The need to boost reforms in N-E

The role of the state governments in recognising as well as achieving their investment and business potential is increasingly acknowledged both at the federal and state levels of governance. At the same time, the idea that the implementation and management of such policies has to necessarily be initiated at the state-level, since they know their local needs better, has gained ground with the Business Reform Action Plan (BRAP) programme of the Department of Industrial Policy and Promotion (DIPP).

Under the BRAP programme, annual ranks are generated for each of the 36 states and Union Territories (UTs). The underlying philosophy of BRAP is to inculcate a spirit of competitiveness among states.

The ranks are based on the states’ reforms undertaken to simplify regulatory burden on the businesses and reworked every year. The state governments work to embrace reforms to simplify ways of doing business and expedite pending project clearances which help in attracting funds and investments for economic development.

The BRAP programme measures the involvement of the state in the process of reform implementation. The reform coverage has expanded over time to include more relevant reforms for business operations under 10 broad areas – setting up a business, allotment of land and obtaining construction permit, complying with environment procedures, complying with labour regulations, obtaining infrastructure related utilities, registering and complying with tax procedures, carrying out inspections, and enforcing contracts, access to information and transparency enablers and single window system.

The states are also required to provide evidence to support their claims on implementation of the reforms. The evidence comprises rules, notifications, circulars, screenshots of the websites or other relevant documents. The states have been assessed on 419 action points for reforms implemented in 2017.

States reforming in less than 80% of the action points are termed Aspirers, which look up to the Top Achievers having reformed more than 95% of the action points. Between the two extremes, are placed the Achiever and Mover states which have reformed 90-95% and 80-90%, respectively.

The aspirer states include UTs and northeastern states having abundance of natural resources and land availability due to lesser population. Although services such as tourism or education can be a source of development for the North-East, the expansion of industries is imperative for capitalising on their natural resource strengths and check their underutilisation. 

The relatively low performance of the Northeastern states — Manipur, Sikkim, Arunachal Pradesh and Meghalaya — has important repercussions for India’s Look East policy too since these states are our gateway to the East. While factors such as labour, materials, credit, transport system, marketing facilities, natural resource, technology, political stability, regional importance and complementarily of industries can be decisive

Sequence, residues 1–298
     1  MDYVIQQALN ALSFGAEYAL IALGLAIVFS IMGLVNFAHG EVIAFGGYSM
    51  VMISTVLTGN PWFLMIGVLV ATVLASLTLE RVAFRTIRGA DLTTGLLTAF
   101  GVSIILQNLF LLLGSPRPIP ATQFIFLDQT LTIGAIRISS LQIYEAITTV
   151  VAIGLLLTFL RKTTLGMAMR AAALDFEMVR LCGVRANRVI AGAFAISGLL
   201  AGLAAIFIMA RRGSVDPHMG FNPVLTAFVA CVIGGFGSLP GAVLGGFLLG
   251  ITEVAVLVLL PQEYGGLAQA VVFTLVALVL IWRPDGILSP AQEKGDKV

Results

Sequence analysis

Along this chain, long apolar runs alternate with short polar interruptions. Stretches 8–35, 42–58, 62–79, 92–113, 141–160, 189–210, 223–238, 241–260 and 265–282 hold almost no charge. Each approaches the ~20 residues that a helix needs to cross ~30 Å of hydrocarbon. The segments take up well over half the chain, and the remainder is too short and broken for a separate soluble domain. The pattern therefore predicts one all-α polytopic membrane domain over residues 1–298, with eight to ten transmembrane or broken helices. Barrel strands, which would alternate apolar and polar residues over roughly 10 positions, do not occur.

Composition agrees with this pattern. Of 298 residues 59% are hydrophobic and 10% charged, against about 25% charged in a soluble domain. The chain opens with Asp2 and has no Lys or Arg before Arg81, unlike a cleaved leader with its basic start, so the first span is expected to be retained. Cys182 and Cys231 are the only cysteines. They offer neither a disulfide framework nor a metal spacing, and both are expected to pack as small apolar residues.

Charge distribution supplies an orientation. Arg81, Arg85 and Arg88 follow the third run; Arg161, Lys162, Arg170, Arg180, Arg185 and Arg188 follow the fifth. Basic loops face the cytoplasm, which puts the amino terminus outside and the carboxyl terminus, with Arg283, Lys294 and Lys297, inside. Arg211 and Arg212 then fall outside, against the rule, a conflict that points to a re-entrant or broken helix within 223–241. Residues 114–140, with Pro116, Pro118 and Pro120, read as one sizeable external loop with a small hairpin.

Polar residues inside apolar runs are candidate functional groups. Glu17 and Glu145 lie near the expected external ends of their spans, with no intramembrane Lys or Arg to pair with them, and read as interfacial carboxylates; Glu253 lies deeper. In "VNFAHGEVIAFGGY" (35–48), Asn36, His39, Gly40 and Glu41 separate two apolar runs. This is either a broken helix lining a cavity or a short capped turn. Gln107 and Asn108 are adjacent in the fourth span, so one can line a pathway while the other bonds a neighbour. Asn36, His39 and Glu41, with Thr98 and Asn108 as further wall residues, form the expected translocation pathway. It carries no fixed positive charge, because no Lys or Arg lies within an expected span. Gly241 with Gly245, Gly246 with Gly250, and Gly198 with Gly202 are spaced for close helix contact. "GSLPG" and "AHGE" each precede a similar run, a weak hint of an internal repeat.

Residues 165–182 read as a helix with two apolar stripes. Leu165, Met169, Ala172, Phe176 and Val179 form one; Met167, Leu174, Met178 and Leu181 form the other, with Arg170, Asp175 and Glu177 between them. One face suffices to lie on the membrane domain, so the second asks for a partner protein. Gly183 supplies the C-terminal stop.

for industrial development, not all of these are equally important across regions and states.

For instance, the Northeastern states have a rich resource of
oil, coal, limestone, wood, rubber, forest-based products, agriculture and horticulture products for food processing, rubber, uranium, which can attract investors to set up units there.

Given the resource-rich nature of activities which depend on stringent environmental clearances, these states should work on simplifying the institutional mechanism. The strengthening of resource based activities will provide stimulus to other industrial activities.

This refers to their huge potential in hydro power, mineral extraction (oil, limestone), food processing, rubber plantations, tea industry and handicrafts. For instance, adequate power supply through hydro projects will facilitate setting up cement units which thrive on limestone as a key raw material.

Power supply

Cheap and assured power supply will improve viability of cement units which is otherwise low due to high transportation costs of limestone outside the state. The growth of specific sectors will introduce industrial opportunities to the population which is relatively less oriented and skilled for industrial activities. This may have a spill over effect for skill development in other industries.

Another potential reform area for the state governments is to work on land reforms. Despite land availability, land acquisition for industrial purposes remains a problem due to ownership ambiguities. Transferability of land rights, specifically in the hilly areas of the states as compared with the plain, is also a constraint on bank credit. Cadastral surveys and land settlement will be helpful to ascertain formal property rights which will facilitate land acquisition for business and market operations.

The aspirers are required to fasten their belts and move in top gear on reforming the business-to-government environment. Although no reform areas can be ignored for action, reform priorities can surely be identified based on regional and local characteristics.

For instance, smoothening and expediting the environmental clearances for existing and new business, and land reforms, appear to have low hanging fruits for business facilitation in the Northeastern states.  

(The writer is Associate Professor, Institute of Studies in Industrial Development, New Delhi)

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The need to boost reforms in N-E

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